Young professional players tempted by gamblers to throw games
That scourge of all sports – corruption – has perhaps predictably raised its ugly head in the nascent but lucrative eSports business, with high profile prosecutions in South Korea underlining a determination in the business to combat the evil.
The publication Kotaku notes that a report on the StarCraft2 match-fixing scandal has just been released by state prosecutors following the conviction of a top player, Lee "Life" Seung Hyun, for match-fixing along with another professional player, Bung "Bbyong" Woo Yong.
Apparently Hyun as the captain of the TeamLiquid outfit was offered $60,000 – around seven times as much cash for throwing two games as he would have made had he won the entire tournament.
Given his exalted status in the industry and among fans his conviction caused widespread disappointment, but illustrated the temptations young players can be subjected to by gamblers.
Kotaku reports that Hyun was paid about $30,000 per thrown match, but the gambler behind it was putting up about $44,000 in online bets at 1.3-1.5 odds, which meant he would have cleared about $56,000 a game.
The prosecutor's report reveals that in total, eight individuals were arrested and charged, including some of the financial backers behind the scheme and their employees, as well as the brokers who helped arrange the deals.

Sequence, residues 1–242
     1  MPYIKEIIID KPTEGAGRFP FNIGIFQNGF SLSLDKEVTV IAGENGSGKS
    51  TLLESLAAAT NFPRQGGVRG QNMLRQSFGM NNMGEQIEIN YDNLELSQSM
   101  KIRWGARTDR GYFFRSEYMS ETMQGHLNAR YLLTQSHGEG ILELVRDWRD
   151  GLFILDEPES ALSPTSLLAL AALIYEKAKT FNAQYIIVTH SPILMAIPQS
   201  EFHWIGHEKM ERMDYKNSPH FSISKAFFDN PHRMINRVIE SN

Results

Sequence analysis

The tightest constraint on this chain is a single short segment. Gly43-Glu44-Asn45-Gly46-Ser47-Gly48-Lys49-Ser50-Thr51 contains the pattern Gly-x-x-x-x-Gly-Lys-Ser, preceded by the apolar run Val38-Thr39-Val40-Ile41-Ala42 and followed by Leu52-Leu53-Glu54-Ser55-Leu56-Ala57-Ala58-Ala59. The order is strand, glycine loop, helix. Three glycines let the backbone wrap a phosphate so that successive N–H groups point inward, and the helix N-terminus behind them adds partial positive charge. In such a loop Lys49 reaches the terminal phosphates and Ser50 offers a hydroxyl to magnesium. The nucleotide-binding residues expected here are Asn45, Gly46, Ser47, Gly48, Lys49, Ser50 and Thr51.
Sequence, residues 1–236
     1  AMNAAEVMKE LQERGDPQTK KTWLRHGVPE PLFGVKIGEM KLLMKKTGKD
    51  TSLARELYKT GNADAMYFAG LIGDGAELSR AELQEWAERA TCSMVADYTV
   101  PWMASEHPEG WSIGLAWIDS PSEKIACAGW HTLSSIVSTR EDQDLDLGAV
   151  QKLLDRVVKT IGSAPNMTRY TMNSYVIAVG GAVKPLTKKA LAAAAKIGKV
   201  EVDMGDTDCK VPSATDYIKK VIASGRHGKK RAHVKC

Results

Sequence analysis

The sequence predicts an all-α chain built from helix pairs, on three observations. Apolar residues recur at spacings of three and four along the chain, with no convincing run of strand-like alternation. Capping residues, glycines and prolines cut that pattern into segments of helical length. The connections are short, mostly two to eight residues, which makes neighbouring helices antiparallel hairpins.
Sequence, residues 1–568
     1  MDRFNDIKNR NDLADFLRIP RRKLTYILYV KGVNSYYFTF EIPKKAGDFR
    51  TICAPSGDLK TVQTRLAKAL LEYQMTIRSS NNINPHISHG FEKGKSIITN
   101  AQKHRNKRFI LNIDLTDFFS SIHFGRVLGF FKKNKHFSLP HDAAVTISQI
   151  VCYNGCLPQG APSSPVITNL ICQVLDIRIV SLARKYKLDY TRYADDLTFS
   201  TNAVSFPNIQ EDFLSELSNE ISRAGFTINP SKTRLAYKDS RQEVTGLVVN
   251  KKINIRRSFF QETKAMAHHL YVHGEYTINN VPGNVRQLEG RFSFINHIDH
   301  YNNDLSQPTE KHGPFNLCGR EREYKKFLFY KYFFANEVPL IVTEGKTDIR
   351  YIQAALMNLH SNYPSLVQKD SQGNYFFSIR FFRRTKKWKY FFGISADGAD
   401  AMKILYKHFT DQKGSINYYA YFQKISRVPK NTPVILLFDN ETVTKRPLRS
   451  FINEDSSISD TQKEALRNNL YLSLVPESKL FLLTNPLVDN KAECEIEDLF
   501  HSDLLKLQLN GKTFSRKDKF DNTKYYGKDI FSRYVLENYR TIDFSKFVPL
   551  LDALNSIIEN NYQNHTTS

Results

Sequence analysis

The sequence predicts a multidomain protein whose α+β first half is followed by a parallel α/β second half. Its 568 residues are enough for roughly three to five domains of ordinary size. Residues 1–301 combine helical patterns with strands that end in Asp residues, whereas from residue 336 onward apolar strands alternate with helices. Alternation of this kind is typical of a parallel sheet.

Hyun apparently received a suspended prison sentence, encouraging him to eschew similar offers in the future.
But that might not be the end of all his troubles, if eSports organisations decide that he should be banned from playing or lose his many titles.
The Prosecution Service's report observes that these match-fixing conspiracies follow a clear and established pattern.
"The crimes were perpetrated with clear division of roles: Financial backers to put up the compensation for match-fixing; brokers to solicit the match-fixing and transfer the funds; and an employee in charge of receiving gambling funds and placing bets on internet gambling sites," it explains.
The danger is that the cancer of corruption could spread to major tournaments and matches, where young – sometimes very young – professional players could be exposed to the temptation of large sums of money.
Hyun was just 15 years old when his prodigious talent was rewarded with his first championship title, and he is just 19 now and at the top of the Asian game.
As Kotaku points out, it is troubling how easily match-fixers were able to access these players, and influence them without anyone else becoming aware there might be a problem.
Another problem is the prize structure in many Korean tournaments, which is heavily weighted to give the winners a disproportionally high pay-out – up to $36,000 in some cases, where the runners-up might receive $9,600 and quarter finalists only $2,200 for an entire season. That could persuade lower pay levels to take bribes.
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